John Trump writes for Carolina Journal’s Daily Journal:

For North Carolina’s distillers, getting their products into ABC stores is arduous and time-consuming.

Distillers must first check all the boxes pertinent to federal and state laws. The state must then approve their products before distillers send those products to Raleigh for distribution to ABC stores across the state.

Which stores is up to distillers, but also largely up to the ABC boards — North Carolina has 168 — and their members, whom distillers must persuade to carry their brands.

“It’s kinda up to you to convince each board administrator to put you in their store,” Donald Walton of Walton’s Distillery in Jacksonville said in an interview for my book Still & Barrel: Craft Spirits in the Old North State.

Say, for the sake of argument, North Carolina reforms its state-run ABC system in favor of a model friendlier to the free market, to innovation, and to entrepreneurship. But let’s also take total privatization, which many North Carolina craft distillers don’t want, off the table.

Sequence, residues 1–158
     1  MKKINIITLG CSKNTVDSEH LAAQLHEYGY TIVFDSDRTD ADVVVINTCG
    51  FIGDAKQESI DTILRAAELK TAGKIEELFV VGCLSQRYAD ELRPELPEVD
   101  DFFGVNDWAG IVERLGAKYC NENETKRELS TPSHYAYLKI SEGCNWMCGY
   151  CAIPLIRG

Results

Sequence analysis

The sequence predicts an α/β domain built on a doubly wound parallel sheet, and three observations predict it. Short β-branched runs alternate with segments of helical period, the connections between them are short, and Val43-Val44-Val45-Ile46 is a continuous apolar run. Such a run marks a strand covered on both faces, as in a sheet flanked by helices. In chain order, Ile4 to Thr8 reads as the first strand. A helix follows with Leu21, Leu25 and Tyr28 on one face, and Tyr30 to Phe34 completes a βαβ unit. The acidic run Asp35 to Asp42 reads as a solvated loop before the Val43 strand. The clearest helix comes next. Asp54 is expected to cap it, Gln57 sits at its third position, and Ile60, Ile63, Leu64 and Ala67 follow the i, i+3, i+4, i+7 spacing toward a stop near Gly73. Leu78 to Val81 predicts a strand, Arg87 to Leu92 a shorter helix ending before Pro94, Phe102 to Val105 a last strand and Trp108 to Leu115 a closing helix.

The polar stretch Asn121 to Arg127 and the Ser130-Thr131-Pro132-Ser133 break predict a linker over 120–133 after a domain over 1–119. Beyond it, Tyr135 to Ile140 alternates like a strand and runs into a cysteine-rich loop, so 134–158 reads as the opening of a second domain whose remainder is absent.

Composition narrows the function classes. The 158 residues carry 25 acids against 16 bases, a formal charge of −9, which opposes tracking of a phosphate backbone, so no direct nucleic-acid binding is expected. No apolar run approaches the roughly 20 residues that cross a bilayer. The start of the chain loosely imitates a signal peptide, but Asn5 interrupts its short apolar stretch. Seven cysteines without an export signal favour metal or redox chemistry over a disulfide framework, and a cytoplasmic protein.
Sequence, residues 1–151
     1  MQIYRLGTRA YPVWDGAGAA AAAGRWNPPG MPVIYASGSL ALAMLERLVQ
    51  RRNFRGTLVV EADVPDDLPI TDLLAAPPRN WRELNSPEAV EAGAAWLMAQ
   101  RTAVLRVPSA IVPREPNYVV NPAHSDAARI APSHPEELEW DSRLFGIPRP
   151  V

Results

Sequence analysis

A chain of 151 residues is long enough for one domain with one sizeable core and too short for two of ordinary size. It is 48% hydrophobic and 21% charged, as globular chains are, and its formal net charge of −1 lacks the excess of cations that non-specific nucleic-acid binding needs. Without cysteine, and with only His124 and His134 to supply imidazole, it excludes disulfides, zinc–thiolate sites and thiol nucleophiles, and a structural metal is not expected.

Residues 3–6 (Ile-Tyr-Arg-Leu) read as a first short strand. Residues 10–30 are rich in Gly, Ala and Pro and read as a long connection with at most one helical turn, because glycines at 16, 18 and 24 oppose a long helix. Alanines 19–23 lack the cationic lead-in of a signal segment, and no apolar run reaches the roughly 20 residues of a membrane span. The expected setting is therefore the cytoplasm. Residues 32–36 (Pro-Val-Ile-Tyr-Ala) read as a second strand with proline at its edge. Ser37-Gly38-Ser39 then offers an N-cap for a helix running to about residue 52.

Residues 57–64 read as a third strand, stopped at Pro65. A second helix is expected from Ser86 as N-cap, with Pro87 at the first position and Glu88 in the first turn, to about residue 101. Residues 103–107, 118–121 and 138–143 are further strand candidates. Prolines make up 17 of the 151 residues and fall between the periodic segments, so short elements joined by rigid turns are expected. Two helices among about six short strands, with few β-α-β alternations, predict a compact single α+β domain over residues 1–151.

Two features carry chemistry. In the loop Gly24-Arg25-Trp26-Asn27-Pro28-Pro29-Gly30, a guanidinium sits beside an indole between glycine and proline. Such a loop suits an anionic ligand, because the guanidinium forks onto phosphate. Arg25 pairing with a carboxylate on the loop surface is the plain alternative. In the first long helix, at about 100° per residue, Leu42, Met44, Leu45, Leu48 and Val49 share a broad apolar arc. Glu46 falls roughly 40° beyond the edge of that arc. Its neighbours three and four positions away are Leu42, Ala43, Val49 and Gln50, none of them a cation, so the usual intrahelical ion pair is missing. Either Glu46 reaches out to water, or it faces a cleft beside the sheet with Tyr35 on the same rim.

The state would do well do model itself after Virginia, says Scott Maitland. proprietor of Top of the Hill Distillery in Chapel Hill and a former president of the Distillers Association of North Carolina.

Virginia is, like North Carolina, an alcohol control state, of which there are 17 in the United States. The Virginia ABC operates as an authority, though it still reports to the secretary of public safety. The governor appoints members to its board.

The big difference, when comparing Virginia’s system to North Carolina’s, is the absence of local boards.

“Virginia ABC made a decision back in the late ’90s to operate like a business, as close to a private-sector business as they could,” says Curtis Coleburn, who heads government relations for the Virginia Distillers Association. For more than 20 years, Coleburn served as chief operating officer of Virginia ABC.

The Virginia ABC system, Coleburn says, has turned record profits for the past 20 years.

Read more here.